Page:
That could be true, some economists say. But others say that industry-paid studies (as is the one cited above) often include questionable assumptions and economic models not validated by broad peer review. They also note that jobs could also be created, not just destroyed, by regulation. The EPA's rules are required to undergo a transparent cost-benefit analysis that is peer reviewed by others. But business groups, like the US Chamber of Commerce, say the EPA analysis is flawed.
An economic analysis of the "toxics rule" by the Economic Policy Institute, a Washington think tank that studies policy effects on low- and middle-income workers, suggests that it "would have a modest positive net impact on overall employment, likely leading to the creation of 28,000 to 158,000 jobs between now and 2015."
A February report by University of Massachusetts economists came to similar conclusions. Investments driven by the EPA's new air-quality rules on ozone and toxics "will create nearly 1.5 million jobs, or nearly 300,000 jobs a year on average, over the next five years."
Some business executives acknowledge that regulations can spur hiring. "We have to hire plumbers, electricians, painters, folks who do that kind of work when you retrofit a plant. Jobs are created in the process – no question about that," Mike Morris, chief executive officer of American Electric Power, recently told The Washington Post.
But most business leaders reject the notion that EPA regulations have benefits. John Engler, president of the Business Roundtable, said that "establishing these new ozone standards would be tantamount to putting 'not open for business' signs in counties across the country at precisely the wrong moment, when unemployment is high and on the rise."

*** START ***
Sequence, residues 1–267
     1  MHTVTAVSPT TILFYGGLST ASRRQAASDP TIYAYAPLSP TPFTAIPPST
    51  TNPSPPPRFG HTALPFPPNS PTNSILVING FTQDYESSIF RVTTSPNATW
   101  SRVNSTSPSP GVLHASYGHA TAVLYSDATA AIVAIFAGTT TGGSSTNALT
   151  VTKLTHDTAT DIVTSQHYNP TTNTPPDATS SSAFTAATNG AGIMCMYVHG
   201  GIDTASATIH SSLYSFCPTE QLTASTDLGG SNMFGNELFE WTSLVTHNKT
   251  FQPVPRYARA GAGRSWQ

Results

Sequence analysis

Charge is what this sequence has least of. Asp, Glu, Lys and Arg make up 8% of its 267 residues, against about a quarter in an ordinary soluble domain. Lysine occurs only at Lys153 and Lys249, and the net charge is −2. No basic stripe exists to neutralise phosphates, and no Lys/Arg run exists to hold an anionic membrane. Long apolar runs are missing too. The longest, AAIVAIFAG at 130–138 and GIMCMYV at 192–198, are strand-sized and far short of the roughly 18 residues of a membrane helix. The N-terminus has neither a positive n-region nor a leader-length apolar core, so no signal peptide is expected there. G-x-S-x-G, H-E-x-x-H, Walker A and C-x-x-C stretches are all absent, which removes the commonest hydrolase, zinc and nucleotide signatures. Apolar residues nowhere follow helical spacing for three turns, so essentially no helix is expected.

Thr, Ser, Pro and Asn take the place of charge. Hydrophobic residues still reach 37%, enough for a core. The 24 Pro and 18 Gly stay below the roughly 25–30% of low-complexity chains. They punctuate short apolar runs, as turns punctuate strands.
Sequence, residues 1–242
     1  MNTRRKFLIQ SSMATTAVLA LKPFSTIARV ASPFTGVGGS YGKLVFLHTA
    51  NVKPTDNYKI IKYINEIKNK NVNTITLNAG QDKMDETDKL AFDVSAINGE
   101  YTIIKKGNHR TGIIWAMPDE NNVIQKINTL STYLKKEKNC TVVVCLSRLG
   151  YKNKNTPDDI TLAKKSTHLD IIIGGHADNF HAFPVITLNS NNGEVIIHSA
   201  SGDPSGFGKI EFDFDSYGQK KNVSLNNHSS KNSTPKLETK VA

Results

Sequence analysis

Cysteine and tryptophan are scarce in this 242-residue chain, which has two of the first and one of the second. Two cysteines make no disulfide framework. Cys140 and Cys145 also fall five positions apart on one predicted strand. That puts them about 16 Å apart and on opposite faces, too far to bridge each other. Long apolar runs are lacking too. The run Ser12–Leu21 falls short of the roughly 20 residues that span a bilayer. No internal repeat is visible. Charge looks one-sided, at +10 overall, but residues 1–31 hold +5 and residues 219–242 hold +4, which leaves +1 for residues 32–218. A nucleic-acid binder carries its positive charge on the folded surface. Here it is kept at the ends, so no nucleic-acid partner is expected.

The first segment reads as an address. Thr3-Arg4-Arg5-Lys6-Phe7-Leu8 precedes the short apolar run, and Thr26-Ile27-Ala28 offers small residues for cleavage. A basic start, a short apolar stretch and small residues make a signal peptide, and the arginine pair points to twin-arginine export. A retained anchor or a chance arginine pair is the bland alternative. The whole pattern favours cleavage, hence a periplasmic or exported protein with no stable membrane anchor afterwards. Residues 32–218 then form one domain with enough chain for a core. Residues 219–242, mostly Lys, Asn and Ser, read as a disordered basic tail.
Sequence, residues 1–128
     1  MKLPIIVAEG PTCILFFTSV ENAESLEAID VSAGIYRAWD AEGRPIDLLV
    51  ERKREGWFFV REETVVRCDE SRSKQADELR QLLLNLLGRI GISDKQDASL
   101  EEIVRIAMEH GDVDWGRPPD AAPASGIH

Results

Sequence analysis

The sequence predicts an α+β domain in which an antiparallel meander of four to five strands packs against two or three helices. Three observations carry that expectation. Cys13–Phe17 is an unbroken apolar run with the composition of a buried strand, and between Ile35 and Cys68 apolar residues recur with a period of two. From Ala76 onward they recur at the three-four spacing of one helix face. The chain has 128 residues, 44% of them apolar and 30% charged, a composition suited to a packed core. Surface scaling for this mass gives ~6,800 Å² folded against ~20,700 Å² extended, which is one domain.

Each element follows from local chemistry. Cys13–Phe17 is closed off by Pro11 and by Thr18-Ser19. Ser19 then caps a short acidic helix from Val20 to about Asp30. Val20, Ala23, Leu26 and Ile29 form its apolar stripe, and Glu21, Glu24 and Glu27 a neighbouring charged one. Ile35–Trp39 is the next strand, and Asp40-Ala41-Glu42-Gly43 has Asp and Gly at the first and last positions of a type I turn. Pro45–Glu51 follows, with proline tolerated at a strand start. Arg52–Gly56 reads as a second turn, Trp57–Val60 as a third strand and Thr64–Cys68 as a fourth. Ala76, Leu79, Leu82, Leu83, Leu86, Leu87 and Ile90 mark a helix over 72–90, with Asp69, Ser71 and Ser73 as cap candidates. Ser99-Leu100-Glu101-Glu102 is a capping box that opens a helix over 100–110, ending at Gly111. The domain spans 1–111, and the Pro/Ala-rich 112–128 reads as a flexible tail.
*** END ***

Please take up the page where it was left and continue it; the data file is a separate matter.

Republicans in the GOP-controlled House of Representatives agree, seeking to undo the actions of the Obama EPA. Since 2010, the House has weighed 17 measures to reduce or restrict environmental controls, approving 10, according to the League of Conservation Voters.
Most will have no effect because the Senate won't pass them. But the trend shows Republican fervor. In the Senate on Nov. 10, a resolution to roll back the EPA's smokestack emissions regulations failed, 41 to 56. Its sponsor was Sen. Rand Paul (R) of Kentucky, whose state produces a lot of coal. The EPA, he argued, was issuing "radical, extremist regulations" that kill jobs.
Many economists reject such language as overstatement. Though environmental regulation has become more stringent, US manufacturers have faced only a moderate increase in their spending on pollution controls, says Dr. Gray of Clark University. Those costs, for instance, have risen from roughly 0.3 percent of total manufacturing shipments in 1973 to 0.4 percent in 2005.
Some highly polluting and highly regulated industries do face higher pollution-control costs. But even oil refining spent only about 1 percent of its shipments to comply with environmental regulations in 2005, Gray explains.
The numbers aren't big enough to cause serious economic hardship. "The idea that environmental regulations would wipe out an industry or have a serious impact is implausible," Gray says. "Early estimates of cleanup costs are often substantially overstated."
[Editor's note: The original version of the above quote has been corrected.]